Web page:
A dispatch from the trenches
It’s mid-morning early in the week, and I’m sitting on the couch in the living room of son David and daughter-in-law Erin in Adel, listening to almost-3-year-old grandson Colin sing along with a song on a public TV children’s show.
Dave and Erin are on a well-deserved trip, and Kathy and I are on child care duty.
We’re the second shift: Erin’s parents from Omaha took the first half of the eight-day period. Dave and Erin are to be back late Tuesday night. (So as you read this, we’re back in Jefferson.)
You learn a lot at a time like this.
One is the reaffirmation that your grandchildren are adorable and outstanding (as are everyone’s grandchildren). Another is that child care for three kids 10 and under requires above-average organizational skills. Kathy has them; I, not so much.
Another is the reminder that we’re old.
For instance, the day here begins at 6:45 a.m., when it’s time to get the kids up, fed and the 10-year-old and 5-year-old off to the school bus. We know that because Erin left an hour-by-hour set of directions for each day they’re gone, including reminders about individual do’s and don’t’s for each child.
We can navigate the kitchen cupboards and pantry with adequate ease. Ten-year-old Will is a great help, and 5-year-old Norah as well in some regards. We now know whose plate and cup are whose, and they initiate us into the mysteries of their home’s technology as well.
Their parents’ bed is a king-size. That’s a good thing given its population by early morning.
They all seem to enjoy having us around, and that’s a blessing, although now and then they let us know it’s time for Mommy and Daddy to come home.
About that school bus:
We knew that it stops just a short distance from their house in their Adel neighborhood.
I asked Norah where the stop is. Looking out the window to the east, she pointed and said, “It’s not at our corner. It’s at the next corner.”
The weather this morning was bleak: freezing drizzle, with ice on the sidewalks and streets. So I put on my heavy winter coat and my cap, preparing to walk them a block down the sloping icy sidewalk to the next corner, and stepped outside and across the yard with them.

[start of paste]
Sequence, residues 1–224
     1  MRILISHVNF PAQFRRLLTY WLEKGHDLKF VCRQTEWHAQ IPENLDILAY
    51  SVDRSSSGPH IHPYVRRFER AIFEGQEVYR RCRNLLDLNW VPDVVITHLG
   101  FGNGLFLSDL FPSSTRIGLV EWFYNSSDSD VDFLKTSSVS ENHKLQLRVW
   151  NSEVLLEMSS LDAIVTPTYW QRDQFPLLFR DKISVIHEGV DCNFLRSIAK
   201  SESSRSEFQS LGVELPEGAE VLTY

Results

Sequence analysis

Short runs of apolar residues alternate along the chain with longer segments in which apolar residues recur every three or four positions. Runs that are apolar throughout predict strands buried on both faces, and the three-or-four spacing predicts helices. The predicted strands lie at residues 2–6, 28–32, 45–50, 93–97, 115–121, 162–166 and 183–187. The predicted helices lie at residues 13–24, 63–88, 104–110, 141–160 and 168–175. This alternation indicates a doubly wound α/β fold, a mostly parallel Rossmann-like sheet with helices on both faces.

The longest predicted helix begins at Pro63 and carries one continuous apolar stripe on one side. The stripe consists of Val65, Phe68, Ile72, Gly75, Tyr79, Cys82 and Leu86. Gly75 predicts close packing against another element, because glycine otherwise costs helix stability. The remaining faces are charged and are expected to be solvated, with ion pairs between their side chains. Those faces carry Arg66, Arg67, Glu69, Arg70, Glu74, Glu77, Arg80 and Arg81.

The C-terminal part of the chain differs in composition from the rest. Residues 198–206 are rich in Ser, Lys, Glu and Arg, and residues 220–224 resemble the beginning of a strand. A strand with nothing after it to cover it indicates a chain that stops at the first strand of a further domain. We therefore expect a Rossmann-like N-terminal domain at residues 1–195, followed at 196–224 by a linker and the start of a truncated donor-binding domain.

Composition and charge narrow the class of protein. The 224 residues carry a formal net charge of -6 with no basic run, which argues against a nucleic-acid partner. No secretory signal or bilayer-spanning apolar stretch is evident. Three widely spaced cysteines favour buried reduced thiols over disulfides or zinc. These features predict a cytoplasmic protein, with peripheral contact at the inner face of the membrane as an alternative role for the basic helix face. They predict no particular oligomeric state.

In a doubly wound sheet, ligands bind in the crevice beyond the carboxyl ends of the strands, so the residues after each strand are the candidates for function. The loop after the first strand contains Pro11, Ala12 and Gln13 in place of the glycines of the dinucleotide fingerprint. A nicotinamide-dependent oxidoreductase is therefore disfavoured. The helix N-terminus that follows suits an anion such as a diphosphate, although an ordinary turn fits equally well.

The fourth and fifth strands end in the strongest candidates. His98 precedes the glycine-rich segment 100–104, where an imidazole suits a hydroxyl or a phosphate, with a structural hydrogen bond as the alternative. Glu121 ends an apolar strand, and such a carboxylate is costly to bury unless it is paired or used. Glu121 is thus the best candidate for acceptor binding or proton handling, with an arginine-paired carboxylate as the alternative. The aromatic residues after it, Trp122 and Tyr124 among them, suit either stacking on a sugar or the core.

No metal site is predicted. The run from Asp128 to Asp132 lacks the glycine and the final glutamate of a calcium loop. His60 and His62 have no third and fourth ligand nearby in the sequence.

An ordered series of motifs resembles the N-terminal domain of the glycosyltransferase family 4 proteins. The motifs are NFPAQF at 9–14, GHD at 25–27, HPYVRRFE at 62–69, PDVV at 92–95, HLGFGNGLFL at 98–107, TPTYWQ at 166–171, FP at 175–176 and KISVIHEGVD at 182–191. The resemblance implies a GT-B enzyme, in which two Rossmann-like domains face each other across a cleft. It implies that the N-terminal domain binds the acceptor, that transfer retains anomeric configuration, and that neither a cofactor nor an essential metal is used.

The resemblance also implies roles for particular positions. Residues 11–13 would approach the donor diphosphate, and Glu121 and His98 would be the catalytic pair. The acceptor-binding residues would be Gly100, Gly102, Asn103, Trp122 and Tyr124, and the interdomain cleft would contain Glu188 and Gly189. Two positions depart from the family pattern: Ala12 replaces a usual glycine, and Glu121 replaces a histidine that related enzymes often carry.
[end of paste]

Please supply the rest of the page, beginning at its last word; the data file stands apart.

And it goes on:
Turns out “the next corner” meant across the street.
“Our corner” is the corner of their lot line, while the next corner is just across the intersection, about 20 yards from their front door. Technically accurate, but not what I thought.
Several other kids were converging on the corner across the street, looking at me quizzically. Will asked, “Why are you going with us?” I turned around and sheepishly re-entered the house.
Will and Norah like school, and Colin soaks up learning at home as well.
All of them love reading, gratifying a retired journalist. Will zooms through books on his own, and Norah is starting to sound out words of the books that she and I read and reread. Colin has a couple dozen story book favorites he loves to hear.
They have a black cat, named De. She is reasonably friendly, as cats go. Somewhat standoffish, but accepting of petting and scratching when she decides she’s ready. She will nip for no apparent reason.
They used to have a very large golden retriever, Ozzie. Ozzie went to that Great Dog Park in the Sky last Thanksgiving night around the age of 11. He was an important part of the family and is missed.
Kathy asked Colin if they’re going to get another dog.
“I have a dog. His name is Ozzie. He’s dead,” Colin said.
“Yes, that’s too bad. We miss him, don’t we?” Kathy said. “Are you going to get another dog?”
“I have a dog. His name is Ozzie. He’s dead,” Colin repeated.
Apparently there’s no replacement on the horizon anytime soon.
Anyway, we’re handling our duties acceptably so far, by all appearances.
The kids are patiently waiting for Mom and Dad to return, and we’ll happily take another turn at this when the occasion arises — at least so long as we can still perform.